Most of the remaining controls facilitate the addition of other artifacts and characteristics peculiar to vinyl. The Noise knob lets you dial in that low-frequency noise that resides in the background, depending on the quality of the turntable and the condition of the record. Crackle re-creates the sound with the same name, which, on a real LP, is particularly noticeable when you first put the needle down and before the music starts. The Clicks parameter provides the clicking noises that are caused by dirt or other material getting in the grooves, while the Density control governs how frequently this artifact occurs.
On vinyl media, wow and flutter are caused by such factors as inconsistent turntable speed and wobble on the platter itself. With Abbey Road Studios Vinyl, you can control the simulated wow and flutter parameters separately; each has its own Rate and Depth knob. The warbling it creates is especially noticeable on pitched instruments. Use low settings to realistically simulate these artifacts from an actual turntable, or set it high for wild modulation effects.
Phase distortion, another quirk found in vinyl playback systems, can be switched in and out of the signal path and adjusted with the Level knob and the highpass and lowpass modulators. The latter two affect the frequency content of the distortion. Moderate settings are good for authentic emulation, but more extreme settings yield nasty-sounding distortion.
LOW AND SLOW
Although the vinyl Slow Down effect has become a bit of a cliché, it’s dramatic nevertheless, and it is well implemented on Abbey Road Vinyl. Pressing the Stop button slows the audio down to full stop, with the corresponding drop in pitch. The duration of the slowdown is user-adjustable, either in musical bars or actual time (in seconds). If you press the Auto Resume button, it will bring the audio back to the original tempo as soon as the slowdown finishes. You can also automate the timing of the slowdown if you want to control it even more precisely.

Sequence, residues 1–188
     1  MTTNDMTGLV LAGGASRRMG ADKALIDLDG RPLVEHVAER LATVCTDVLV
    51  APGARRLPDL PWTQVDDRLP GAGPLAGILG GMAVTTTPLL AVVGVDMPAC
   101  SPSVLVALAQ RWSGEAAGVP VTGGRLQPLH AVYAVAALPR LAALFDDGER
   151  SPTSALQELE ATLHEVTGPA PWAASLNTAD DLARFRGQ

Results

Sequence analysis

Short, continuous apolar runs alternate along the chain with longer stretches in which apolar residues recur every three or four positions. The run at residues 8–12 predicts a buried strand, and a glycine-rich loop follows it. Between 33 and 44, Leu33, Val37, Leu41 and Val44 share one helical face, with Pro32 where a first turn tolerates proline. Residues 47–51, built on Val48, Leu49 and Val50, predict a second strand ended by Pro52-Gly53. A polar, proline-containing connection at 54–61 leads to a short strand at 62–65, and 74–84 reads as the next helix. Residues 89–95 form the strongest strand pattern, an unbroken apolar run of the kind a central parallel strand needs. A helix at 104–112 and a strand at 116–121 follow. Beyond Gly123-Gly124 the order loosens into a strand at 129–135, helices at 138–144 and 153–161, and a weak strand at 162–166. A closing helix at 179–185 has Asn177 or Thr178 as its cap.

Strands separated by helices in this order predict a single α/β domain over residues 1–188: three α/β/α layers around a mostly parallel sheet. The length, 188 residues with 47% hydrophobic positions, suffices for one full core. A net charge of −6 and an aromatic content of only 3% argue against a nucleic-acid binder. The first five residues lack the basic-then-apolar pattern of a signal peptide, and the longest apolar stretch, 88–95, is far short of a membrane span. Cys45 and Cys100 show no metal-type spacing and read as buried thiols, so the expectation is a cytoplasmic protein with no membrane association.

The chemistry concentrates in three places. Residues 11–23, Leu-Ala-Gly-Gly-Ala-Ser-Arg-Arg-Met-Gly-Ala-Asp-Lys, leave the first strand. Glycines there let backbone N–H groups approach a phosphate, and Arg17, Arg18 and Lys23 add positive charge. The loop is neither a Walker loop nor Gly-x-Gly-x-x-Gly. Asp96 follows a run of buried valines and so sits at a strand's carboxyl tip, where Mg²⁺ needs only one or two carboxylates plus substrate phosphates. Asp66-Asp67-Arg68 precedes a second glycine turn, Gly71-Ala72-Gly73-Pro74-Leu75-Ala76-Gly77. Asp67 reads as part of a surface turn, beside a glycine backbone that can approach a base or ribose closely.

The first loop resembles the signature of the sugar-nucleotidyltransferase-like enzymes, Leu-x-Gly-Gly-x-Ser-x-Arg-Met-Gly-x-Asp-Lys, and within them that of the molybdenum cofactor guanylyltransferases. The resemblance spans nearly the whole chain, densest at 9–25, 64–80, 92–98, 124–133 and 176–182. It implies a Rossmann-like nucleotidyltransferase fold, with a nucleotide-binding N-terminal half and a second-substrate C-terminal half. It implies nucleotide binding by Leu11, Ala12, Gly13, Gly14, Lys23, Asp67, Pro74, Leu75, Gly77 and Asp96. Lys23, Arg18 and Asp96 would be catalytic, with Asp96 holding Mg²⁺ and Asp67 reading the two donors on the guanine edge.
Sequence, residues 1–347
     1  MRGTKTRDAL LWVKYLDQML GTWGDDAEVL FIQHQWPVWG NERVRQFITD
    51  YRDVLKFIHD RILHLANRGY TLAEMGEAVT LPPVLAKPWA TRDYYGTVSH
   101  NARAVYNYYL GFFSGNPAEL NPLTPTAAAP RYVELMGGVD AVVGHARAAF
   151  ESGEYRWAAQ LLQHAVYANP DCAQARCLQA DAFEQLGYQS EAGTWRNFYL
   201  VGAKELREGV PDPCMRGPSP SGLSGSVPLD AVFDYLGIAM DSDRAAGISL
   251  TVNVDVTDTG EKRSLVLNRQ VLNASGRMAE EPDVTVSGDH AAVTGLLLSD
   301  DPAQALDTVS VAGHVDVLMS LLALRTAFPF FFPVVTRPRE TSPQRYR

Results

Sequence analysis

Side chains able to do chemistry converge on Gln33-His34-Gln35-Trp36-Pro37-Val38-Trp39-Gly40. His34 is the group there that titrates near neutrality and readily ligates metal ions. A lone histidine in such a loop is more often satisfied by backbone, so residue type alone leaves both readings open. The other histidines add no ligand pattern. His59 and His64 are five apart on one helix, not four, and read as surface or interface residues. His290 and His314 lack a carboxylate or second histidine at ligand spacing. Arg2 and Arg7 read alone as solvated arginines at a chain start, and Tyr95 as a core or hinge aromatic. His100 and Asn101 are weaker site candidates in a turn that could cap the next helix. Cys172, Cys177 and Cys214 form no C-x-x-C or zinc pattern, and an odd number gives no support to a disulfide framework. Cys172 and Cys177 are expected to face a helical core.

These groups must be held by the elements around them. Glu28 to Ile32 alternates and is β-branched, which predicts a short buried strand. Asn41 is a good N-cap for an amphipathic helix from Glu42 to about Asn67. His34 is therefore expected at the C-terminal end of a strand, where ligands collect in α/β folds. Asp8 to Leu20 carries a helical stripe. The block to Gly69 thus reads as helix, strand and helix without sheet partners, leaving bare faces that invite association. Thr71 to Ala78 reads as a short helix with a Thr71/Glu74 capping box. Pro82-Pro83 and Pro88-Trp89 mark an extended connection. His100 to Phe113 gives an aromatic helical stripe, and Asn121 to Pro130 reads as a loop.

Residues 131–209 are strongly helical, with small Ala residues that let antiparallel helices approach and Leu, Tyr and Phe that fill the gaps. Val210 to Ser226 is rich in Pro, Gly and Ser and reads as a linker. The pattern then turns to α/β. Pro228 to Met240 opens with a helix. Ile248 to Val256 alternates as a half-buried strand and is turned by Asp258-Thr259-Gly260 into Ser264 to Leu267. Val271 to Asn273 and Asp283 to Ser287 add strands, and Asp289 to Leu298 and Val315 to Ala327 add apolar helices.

Unless you’re going for a unique effect, Slow Down is best used on the master bus or a mixed track of some sort. If you use it on an individual track in a multitrack mix, that will be the only track that slows down, while the others continue at normal speed.
|Fig. 2. The list of presets,
including the Factory Default
The Abbey Road Studios Vinyl plug-in has numerous applications. If you’re just going for a straight-ahead vinyl simulation, insert it on the master bus, start with one of the factory default Lacquer or Print presets and tweak it from there (see Figure 2). Not only will you notice the expected artifacts, but you will also hear a subtle lowering of the fidelity, as you would if you A/B’d a real record with a WAV or AIFF file.
Alternatively, the plug-in works nicely on individual tracks where it can be used to add color or a crunchy compression. For instance, I used it to add life to blandly recorded drums by inserting it on the drum bus. Put it on a guitar, bass, or vocal track to add warmth, a hint of distortion, or a subtle edge. It’s also fun to experiment with extreme settings to come up with unusual textures.
If you’re into the sound of vinyl, you’re going to appreciate this plug-in. It is the most realistic sounding vinyl plug-in that I know of. As with its other Abbey Road plug-ins, Waves clearly was striving to make this simulation as accurate as possible, and has succeeded.
Accurately reproduces the sound of vinyl. Simulates different generations, turntables, and cartridges. Mastering console effect. Includes clicks, crackle, noise, and phase distortion. Input Drive adds crunch.
A bit pricey.
Mike Levine is composer, producer, and multi-instrumentalist in the New York area.